VOX by Christina Dalcher
Rating: 5 out of 5 stars
This book only popped up on my radar about a week ago when browsing Amazon and immediately when I read its description I knew I had to read it. It isn't until I've completed it and had a browse at some of the reviews out there that I've realised what a divisive book this is.
This is a dystopian fiction novel set in the United States in a world where a new highly moralistic and religious government have decided that the world was a better place before women's rights and therefore women have been removed from workplaces, denied the right to anything more than basic housekeeping and mathematical education in schools and have devices fitted to their wrists that electrically shock them if they speak more than 100 words per day. They are denied the right to read, make decisions for themselves medically, financially or educationally and they are punished if found to be adulterous or to be engaging in pre-marital sex.
Our main character Jean is a highly qualified neuroscientist who was working on a cure for people who have lost the ability to speak due to illness and who one year ago had her whole world change when the new rules regarding females came into force and suddenly she has found herself a forced housewife, unable to communicate, watching her only daughter denied the right to speak or be educated and wishing she'd done something when her friend warned her that things were going to change.
I loved this book. I ate it up in just under two days, I couldn't stop reading. It was such a thought-provoking read. As a mother of two daughters and two sons, I could absolutely empathise with the emotions Jean was experiencing watching her family live in this new world. The horror at watching as her daughters retreat further and further into themselves, unable to express simple things such as their needs, emotions, daily experiences or to create friendships. I also could see how living this way would lead to the conflicts she had with her eldest son whose constant indoctrination by the new regime leads to him believing he holds higher sway than her in the household, that she has a role she must fulfil and that is to be silent and obedient and cater to his needs.
There are so many 'what if' questions throughout this novel that it is definitely one that is going to linger with me for quite some time to come. There are lots of sciencey bits at the end and that was my less favourite part of the book and if I'm honest I did feel the last 3 chapters were a little rushed and didn't fully take the time to explore the outcomes of the actions Jean took. I would have liked a little more than a 2-page chapter set months later to wrap up the whole book. I had to go back and re-read the last 3 chapters and reflect again as things were glossed over in a sentence where if you blinked you'd miss it and the first time I did.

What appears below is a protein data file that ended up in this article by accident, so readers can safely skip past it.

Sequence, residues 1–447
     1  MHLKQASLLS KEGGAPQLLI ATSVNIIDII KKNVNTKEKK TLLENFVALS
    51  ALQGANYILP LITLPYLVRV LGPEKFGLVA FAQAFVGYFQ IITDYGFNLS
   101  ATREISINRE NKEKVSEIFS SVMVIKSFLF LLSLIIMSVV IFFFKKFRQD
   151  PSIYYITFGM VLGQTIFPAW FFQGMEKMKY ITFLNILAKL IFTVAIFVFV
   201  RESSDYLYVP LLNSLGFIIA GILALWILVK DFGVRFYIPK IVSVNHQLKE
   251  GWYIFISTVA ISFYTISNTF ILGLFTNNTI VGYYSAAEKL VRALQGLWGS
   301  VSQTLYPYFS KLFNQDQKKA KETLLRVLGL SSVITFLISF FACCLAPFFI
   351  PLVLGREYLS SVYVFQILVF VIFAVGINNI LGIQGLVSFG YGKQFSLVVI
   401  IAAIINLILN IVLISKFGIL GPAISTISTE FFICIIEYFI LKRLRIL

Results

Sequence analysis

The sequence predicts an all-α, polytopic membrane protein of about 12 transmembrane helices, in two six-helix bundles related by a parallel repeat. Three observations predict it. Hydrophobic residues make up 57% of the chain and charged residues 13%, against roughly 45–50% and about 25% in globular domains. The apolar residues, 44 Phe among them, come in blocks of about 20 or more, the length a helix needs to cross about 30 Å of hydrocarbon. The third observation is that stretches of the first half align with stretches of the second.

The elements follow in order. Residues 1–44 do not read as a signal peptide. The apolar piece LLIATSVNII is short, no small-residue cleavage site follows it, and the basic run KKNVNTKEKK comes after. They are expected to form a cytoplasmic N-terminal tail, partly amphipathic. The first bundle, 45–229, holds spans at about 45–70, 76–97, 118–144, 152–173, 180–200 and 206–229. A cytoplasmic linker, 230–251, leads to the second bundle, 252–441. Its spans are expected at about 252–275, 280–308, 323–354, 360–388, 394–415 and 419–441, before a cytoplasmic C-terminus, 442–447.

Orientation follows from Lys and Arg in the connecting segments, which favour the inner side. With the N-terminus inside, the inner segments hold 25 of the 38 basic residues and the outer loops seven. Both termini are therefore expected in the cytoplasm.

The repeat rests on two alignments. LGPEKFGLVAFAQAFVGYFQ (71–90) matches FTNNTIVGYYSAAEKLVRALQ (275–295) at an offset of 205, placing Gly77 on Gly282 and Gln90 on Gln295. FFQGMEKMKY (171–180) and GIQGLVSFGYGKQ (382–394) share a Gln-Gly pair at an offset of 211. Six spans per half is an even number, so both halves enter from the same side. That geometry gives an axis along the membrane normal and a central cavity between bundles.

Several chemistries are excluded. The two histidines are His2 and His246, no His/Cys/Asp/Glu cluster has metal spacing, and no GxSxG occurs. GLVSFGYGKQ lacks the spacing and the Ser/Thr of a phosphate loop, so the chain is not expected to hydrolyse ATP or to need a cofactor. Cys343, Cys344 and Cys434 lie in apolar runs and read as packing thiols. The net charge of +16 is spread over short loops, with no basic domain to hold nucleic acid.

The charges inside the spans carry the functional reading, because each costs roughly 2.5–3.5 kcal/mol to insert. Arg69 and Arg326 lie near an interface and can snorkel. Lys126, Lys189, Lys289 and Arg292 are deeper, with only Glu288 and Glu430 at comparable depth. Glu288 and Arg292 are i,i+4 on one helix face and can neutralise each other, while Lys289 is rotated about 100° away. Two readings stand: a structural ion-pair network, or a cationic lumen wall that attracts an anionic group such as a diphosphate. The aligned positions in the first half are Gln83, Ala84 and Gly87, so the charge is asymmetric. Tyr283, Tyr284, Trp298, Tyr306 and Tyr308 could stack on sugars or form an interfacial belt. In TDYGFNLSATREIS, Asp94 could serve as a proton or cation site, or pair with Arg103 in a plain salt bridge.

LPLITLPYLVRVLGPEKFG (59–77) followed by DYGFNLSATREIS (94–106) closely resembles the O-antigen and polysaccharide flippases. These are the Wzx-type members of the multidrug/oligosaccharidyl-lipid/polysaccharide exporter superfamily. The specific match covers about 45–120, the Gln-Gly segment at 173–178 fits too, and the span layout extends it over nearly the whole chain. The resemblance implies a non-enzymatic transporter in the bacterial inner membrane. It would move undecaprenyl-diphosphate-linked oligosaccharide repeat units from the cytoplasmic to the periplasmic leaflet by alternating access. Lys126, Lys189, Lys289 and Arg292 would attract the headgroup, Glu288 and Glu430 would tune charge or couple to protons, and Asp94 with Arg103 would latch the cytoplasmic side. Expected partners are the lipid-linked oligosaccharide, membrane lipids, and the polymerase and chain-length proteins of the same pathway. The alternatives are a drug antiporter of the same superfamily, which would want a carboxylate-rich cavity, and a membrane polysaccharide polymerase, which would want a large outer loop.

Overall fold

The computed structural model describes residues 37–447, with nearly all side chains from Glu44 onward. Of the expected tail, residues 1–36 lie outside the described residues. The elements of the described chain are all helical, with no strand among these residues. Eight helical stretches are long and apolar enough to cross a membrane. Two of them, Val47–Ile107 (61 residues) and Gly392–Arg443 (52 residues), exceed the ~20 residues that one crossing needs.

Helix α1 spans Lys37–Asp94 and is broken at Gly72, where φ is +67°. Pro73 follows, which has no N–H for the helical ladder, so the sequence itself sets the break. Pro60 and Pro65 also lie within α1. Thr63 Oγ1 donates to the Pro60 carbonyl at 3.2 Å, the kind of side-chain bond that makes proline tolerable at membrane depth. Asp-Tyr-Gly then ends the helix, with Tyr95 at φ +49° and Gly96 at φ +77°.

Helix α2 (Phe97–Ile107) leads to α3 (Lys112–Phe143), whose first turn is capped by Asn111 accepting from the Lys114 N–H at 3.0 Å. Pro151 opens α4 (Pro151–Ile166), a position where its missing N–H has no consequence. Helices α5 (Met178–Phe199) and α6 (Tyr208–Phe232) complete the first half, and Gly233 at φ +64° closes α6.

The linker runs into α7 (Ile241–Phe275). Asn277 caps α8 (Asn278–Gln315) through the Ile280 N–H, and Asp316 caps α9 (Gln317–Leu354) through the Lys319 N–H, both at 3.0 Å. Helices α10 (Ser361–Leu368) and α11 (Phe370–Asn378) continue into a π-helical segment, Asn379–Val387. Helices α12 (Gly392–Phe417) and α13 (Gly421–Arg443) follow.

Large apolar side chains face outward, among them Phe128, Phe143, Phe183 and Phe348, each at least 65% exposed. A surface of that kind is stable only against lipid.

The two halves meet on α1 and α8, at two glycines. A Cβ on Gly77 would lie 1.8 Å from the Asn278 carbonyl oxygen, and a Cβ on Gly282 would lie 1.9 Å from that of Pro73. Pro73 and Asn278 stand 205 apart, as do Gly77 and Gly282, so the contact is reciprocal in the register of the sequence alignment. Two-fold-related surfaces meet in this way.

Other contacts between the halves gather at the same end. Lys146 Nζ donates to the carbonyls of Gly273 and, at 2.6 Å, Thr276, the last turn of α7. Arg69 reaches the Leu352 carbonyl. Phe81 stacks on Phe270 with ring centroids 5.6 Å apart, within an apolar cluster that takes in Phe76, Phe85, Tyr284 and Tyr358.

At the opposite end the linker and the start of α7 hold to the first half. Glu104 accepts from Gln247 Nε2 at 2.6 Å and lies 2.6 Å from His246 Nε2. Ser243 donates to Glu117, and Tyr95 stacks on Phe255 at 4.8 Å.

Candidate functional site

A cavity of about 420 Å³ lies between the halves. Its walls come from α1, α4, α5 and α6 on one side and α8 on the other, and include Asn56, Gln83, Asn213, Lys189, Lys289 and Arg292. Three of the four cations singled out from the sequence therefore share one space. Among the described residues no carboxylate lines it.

Now, this is clearly a marmite book, people either love it or they hate it. Many Christians are stating how concerned they are by this book as it is very much stated that this dystopian world has come about by extreme religious views and only that. There are concerns that this book promotes that Christians are all extremists and that they are intolerant of people of other sexualities, cultures, sexes. I can understand their concerns and yes I empathise with why they feel that way however as a reader I am intelligent enough to know that all Christians are not like those portrayed in this book, reading a fiction novel like this is not going to make me think that suddenly every Christian I meet is planning to gag women around the world. I think you need to suspend reality whilst reading and enter into the fictional world the author is creating and this one was captivating for me.
If you loved The Handmaid's Tale I have a feeling this one might just tickle your fancy. It is one of the standout books I've read this year and I have a feeling we might be hearing an awful lot more about this one in the months ahead.